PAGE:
January 19th, 2018
The Honesty of Petra Collins
The young photographer is celebrated for her raw and real depictions of femininity. But can images ever be trusted?
By Gideon Jacobs
Petra Collins was five years old, in 1998, when Britney Spears’s “. . . Baby One More Time” was released. She was seven when Survivor first aired. She was almost eleven when Paris Hilton’s sex tape went public (conveniently, just a few weeks before Hilton’s television debut in The Simple Life), and eleven when Facebook launched. She was fourteen when Pornhub launched. She was seventeen when Instagram launched. She was nineteen when Kodak declared bankruptcy.
Collins’s generation—of which I’m a slightly older member—grew up in a cultural era defined by a potent combination of high commercialism and consumerism, seller enthusiasm and buyer naiveté. Seemingly caught off guard by new forms of media and technology, many still believed what they saw on the covers of magazines, on TV, on the internet, on their friends’ brand-new social media profiles. Sure, there was some baseline distrust of images—iconoclasm is as old as the icon—but savvy cynicism wasn’t quite as mainstream as it is today. It’s almost as if, in the late ’90s and early 2000s, it wasn’t fully understood, or maybe was simply ignored, that Photoshop is a powerful manipulative tool, that reality TV is an oxymoronic term, that the pictures from your ex’s vacation might not be telling the whole story. When Collins burst onto the scene at the start of this decade with her “real,” “raw,” “honest” photographic explorations of femininity, beauty, and sex, although she was borrowing heavily from many who came before her—Nan Goldin, Cindy Sherman, and Ryan McGinley, to name a few—it felt a little revolutionary.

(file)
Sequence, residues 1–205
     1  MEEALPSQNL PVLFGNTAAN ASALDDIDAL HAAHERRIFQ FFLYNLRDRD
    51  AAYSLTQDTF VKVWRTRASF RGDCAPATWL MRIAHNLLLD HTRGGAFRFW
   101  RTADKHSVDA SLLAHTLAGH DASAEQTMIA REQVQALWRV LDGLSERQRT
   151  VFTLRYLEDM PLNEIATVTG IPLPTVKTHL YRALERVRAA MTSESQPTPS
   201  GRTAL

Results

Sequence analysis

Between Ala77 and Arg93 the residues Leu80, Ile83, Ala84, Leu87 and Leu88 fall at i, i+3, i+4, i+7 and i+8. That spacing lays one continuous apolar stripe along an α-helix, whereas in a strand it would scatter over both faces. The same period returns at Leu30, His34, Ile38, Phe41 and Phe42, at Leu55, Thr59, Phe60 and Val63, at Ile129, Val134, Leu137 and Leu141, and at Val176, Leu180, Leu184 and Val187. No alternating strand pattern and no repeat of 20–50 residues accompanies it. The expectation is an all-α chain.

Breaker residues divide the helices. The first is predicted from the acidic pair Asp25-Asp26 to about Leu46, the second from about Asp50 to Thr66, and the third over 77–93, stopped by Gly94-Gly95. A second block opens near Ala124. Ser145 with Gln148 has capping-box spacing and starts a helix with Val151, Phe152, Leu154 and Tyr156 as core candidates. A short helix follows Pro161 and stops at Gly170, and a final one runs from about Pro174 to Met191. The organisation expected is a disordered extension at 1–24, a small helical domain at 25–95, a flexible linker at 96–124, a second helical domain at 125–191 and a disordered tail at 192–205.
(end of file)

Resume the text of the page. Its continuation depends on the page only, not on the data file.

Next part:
Now, years later, but still just twenty-five years old, Collins has published Petra Collins: Coming of Age (2017), an attempt to put her meteoric rise to renown into a larger cultural and artistic context. Dubbed her first monograph, the book mixes Collins’s words and photographs with interviews, essays, and messages from other prominent voices, all reflecting on one subject: Petra Collins. Across the board, the guest contributors, from artist Laurie Simmons to writer Karley Sciortino, are unabashedly adoring. Model Diana Veras’s note begins, “Well first of all you’re fucking amazing and all your work has blown me away recently.” These sentiments would ring false, and their inclusion would feel tacky, if they weren’t expressed with such sincerity and urgency. What quickly becomes clear, when flipping through this book or browsing the comments section below a @petrafcollins Instagram post, is that many fans of Collins don’t just like her work; they’re thankful for it.
It’s this—the feeling that Collins has somehow given us something that we needed, or has finally said something that we’ve all been thinking—that has made her, for better or worse, a poster child. Having tapped into a wishful shift away from the inauthentic and fake, perhaps it’s no coincidence that her popularity has grown right alongside the recent revival of analog technologies like vinyl records and film cameras. Collins’s early work feels unmediated, like peeks behind the scenes. These images of teens hanging out, applying makeup, taking selfies—performing for their own cameras, not Collins’s—positioned her as a kind of visual truthsayer, an artist working to debunk the myth of the hairless body, the unblemished face, emotional invulnerability, uncomplicated happiness, perfect families, perfect romances, perfect lives.